State parks need a new sheriff to tee off on waste

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Put Arizona Sheriff Joe Arpaio in charge of Kentucky State Parks.

The innovative lawman is reportedly saving Maricopa County taxpayers millions of dollars a year through innovative programs that earn him the media’s designation as “America’s Toughest Sheriff.”

Sheriff Joe became known for making inmates live in tent cities, work on chain gangs to cut costs on public projects, wear pink boxer shorts and eat bologna sandwiches. He gets the most out of every tax dollar spent at his operation.

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Sheriff Joe has his detractors. Just like those of us who want Frankfort to cut wasteful spending feel the heat from big spenders and the government-knows-best crowd, so the good sheriff takes flak from bleeding hearts for actually enforcing the law.

Nevertheless, voters keep reelecting Arpaio. He’s up for a fifth term this year. His approval rating is around 80 percent.

Frankfort’s political leadership could learn a thing or two from Sheriff Joe. He shows that it’s possible to do the right thing under fire, save a multitude of tax dollars and get reelected.

If one lone lawman with a few innovative ideas and a “git-r-done” attitude can massively reduce spending on local projects, then why can’t an entire state government effectively address deficits in a single program like the Kentucky State Parks, which lose $29 million a year?

A new report by state Auditor Crit Luallen concludes that state parks’ financial wounds have grown worse – from oozing cuts to an all-out hemorrhaging.

A lot of this money is being lost on golf courses. In fact, Governing Magazine once dubbed government-run golf courses “the most non-essential of non-essential public services.”

The Auditor’s Office report backs it up. It revealed the state spent $55-million on “golf-related projects” alone from 1994 to 2007, yet “golf activity experienced its greatest loss of approximately $700,000 in 2007.”

The more the public pays, the more public golf courses lose. That’s also true of the entire system. Since 1995, lawmakers have appropriated $316 million to renovate and expand state parks. Yet the bleeding continues. Attendance is down. Fewer golf rounds are being played.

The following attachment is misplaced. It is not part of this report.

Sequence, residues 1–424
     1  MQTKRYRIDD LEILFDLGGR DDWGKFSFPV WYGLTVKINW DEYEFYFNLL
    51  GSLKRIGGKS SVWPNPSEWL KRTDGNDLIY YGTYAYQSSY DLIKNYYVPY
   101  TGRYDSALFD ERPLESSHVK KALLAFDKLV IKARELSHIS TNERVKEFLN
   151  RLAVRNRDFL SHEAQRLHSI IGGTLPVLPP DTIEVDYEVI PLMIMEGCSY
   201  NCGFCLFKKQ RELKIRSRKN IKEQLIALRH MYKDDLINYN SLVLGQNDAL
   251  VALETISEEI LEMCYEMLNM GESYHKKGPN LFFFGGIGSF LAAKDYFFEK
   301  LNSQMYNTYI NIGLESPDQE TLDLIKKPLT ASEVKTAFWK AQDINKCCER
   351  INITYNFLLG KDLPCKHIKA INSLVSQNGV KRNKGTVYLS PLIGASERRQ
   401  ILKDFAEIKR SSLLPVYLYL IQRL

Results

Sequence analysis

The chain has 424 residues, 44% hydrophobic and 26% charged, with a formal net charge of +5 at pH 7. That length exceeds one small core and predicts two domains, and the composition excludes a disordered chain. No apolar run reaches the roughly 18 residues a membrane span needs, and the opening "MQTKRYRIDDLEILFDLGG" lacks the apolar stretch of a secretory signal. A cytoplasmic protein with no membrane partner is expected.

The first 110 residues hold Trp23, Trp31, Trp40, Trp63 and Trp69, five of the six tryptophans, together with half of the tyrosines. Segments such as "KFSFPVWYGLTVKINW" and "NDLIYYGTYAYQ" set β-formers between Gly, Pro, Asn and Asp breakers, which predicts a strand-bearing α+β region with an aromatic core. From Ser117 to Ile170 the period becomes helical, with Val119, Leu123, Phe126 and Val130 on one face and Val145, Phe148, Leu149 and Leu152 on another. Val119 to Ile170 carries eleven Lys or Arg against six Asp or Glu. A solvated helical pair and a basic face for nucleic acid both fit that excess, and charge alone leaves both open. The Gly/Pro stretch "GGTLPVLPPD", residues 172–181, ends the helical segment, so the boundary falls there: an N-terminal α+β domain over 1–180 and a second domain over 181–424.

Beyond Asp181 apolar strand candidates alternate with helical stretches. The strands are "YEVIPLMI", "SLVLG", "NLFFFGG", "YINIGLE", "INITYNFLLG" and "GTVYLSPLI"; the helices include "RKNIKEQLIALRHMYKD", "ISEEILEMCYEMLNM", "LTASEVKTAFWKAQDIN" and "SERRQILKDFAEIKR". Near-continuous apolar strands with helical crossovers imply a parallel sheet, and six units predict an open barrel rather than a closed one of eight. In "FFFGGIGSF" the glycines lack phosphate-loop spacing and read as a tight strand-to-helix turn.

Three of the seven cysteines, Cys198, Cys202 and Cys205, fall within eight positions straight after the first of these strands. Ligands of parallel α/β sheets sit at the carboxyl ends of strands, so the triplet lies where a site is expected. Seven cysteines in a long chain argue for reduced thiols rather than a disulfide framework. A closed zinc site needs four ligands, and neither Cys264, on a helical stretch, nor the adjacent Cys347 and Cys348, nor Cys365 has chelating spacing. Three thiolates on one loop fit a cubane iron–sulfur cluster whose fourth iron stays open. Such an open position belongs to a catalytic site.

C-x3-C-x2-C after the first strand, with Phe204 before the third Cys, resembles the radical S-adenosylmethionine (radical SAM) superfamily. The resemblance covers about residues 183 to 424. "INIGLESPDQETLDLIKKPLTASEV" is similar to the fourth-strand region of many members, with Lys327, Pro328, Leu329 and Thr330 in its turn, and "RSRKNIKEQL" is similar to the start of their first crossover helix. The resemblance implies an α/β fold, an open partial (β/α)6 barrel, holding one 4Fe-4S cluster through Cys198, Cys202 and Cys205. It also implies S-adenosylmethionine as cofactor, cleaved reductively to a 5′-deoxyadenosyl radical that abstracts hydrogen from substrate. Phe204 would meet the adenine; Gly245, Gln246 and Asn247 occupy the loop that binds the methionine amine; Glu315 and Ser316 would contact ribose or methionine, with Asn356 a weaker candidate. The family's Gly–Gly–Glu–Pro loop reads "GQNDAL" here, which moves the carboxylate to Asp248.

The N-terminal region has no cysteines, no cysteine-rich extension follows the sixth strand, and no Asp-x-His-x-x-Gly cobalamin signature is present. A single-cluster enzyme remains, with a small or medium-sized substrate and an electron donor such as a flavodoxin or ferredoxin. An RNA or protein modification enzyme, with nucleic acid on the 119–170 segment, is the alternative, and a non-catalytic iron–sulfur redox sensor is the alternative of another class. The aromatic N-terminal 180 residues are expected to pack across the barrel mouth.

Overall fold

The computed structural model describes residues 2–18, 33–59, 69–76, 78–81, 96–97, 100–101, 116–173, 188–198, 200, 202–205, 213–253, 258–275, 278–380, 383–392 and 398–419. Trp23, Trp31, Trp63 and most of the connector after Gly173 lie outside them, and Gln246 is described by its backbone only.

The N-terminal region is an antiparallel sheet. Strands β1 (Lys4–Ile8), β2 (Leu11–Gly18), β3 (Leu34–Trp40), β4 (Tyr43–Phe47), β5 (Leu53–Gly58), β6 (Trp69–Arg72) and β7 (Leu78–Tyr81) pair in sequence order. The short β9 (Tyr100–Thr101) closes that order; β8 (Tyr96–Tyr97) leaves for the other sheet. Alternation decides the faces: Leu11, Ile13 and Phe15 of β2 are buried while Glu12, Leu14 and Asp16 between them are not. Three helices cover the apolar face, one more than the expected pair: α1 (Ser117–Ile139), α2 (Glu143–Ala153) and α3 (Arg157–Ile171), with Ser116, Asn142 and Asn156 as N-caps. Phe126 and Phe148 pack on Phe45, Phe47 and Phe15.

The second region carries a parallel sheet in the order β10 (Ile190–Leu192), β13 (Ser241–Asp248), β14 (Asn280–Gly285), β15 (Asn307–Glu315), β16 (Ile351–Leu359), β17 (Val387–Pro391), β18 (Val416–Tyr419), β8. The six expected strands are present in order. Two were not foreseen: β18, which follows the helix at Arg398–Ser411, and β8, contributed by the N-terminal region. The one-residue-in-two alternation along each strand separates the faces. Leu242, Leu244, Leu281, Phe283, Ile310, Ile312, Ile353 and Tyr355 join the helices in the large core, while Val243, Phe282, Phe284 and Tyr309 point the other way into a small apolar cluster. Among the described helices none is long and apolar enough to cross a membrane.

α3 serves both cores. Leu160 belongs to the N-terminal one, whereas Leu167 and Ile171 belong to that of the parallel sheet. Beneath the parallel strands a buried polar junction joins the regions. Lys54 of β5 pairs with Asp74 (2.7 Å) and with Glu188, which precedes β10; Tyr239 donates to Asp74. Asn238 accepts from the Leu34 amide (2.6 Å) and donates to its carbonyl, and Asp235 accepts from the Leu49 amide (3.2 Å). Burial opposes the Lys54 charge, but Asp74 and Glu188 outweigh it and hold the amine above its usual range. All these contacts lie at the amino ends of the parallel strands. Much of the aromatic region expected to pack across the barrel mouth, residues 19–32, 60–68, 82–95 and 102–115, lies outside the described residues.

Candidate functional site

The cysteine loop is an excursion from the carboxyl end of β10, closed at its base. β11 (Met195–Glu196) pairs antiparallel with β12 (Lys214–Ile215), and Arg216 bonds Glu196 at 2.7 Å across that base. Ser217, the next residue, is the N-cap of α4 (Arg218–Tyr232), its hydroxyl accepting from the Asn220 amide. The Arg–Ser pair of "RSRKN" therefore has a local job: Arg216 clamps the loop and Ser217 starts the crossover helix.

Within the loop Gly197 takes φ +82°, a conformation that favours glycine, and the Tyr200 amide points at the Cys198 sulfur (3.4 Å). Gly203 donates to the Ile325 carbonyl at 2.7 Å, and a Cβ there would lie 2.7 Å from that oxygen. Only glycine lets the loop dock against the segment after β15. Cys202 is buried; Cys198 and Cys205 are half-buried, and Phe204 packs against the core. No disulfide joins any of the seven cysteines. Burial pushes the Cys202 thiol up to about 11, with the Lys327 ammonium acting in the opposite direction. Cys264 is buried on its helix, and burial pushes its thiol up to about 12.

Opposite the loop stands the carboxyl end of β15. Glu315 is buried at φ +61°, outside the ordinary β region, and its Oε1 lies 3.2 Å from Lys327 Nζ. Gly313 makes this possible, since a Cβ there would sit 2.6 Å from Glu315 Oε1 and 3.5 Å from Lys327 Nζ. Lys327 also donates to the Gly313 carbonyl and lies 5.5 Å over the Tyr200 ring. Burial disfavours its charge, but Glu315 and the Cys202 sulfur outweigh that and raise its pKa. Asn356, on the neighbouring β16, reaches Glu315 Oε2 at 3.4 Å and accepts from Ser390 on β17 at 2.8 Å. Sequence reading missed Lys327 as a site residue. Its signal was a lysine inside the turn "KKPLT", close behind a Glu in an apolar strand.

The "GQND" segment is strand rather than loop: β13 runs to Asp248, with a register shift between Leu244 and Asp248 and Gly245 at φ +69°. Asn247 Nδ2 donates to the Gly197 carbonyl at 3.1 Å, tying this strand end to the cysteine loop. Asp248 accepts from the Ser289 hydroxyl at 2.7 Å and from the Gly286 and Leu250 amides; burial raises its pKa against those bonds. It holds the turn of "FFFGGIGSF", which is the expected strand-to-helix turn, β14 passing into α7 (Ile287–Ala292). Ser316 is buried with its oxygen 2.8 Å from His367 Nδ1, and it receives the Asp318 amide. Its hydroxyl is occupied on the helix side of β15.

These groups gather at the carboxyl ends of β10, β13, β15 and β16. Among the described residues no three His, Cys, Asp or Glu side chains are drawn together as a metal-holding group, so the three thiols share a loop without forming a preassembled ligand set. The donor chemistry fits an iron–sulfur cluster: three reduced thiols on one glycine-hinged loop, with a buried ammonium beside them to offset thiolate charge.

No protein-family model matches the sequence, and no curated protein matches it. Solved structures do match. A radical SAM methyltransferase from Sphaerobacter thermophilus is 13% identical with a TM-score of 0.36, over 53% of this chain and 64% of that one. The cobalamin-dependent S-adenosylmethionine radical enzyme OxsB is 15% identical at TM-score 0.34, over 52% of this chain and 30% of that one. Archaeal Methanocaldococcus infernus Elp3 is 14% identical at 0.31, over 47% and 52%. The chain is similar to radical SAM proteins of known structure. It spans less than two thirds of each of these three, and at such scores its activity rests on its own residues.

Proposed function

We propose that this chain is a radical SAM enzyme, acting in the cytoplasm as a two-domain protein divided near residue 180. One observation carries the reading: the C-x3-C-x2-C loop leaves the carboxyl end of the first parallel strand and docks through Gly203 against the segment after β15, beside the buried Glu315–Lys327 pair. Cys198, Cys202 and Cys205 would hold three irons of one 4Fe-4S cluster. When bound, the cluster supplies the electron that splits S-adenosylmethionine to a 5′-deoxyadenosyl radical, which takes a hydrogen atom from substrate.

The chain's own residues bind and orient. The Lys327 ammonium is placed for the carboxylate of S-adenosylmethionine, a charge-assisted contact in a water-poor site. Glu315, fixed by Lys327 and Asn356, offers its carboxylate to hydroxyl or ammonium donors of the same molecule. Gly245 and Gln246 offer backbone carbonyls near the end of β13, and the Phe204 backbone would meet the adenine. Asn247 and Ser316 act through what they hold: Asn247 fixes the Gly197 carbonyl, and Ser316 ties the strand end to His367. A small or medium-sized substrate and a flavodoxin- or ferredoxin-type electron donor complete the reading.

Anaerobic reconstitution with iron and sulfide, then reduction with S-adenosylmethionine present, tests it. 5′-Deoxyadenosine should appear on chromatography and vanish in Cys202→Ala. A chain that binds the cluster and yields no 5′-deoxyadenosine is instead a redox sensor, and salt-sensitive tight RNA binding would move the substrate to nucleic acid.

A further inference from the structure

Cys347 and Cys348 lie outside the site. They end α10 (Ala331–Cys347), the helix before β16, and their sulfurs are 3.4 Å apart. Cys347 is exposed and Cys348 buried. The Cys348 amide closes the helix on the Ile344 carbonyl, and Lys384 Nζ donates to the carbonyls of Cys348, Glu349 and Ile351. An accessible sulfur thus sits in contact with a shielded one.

Lawmakers in other places have applied their own financial tourniquets to stop the losses at public golf courses.

In Los Angeles, for example, revenues from five of the six public golf links turned over to the private sector increased between 24 percent and 400 percent during the first year after privatization. The city of Detroit receives annual income of more than $250,000 by contracting with a private company that manages the city’s public-turned-private golf courses. The company, which, unlike government, must be profitable, also invested more than $2.3 million in course improvements.

But Kentucky lawmakers don’t seem too interested in best practices that yield large savings in other states. Our politicians and bureaucrats often ignore ideas that don’t originate with them – even if their approach isn’t working. Such thinking could earn them some time on Sheriff Joe’s chain gang.

After all, why should Kentucky taxpayers continue bailing out unprofitable golf courses? Why doesn’t the state sell them, or at least lease them, so they compete in the private sector? Why should private courses have to compete with government-backed courses that have the luxury of taxpayer subsidies to offset losses?

Commerce Secretary Marcheta Sparrow could only muster a mumble in response to Luallen’s report, calling it “constructive.”

But she offered no “constructive” plans to address the parks’ deficit next year. Where is her plan to get Kentucky out of the golfing business or follow up on Luallen’s common-sense recommendations, including closing some facilities during slow times?

No doubt, that notion intimidates Sparrow and her political pals in the legislature, who know that such good ideas would have the collateral effect of shrinking the size of the bloated merit-system workforce.

Maybe Luallen should invite Sparrow to the auditor’s office for lunch to talk about it. She could serve her a bologna sandwich.

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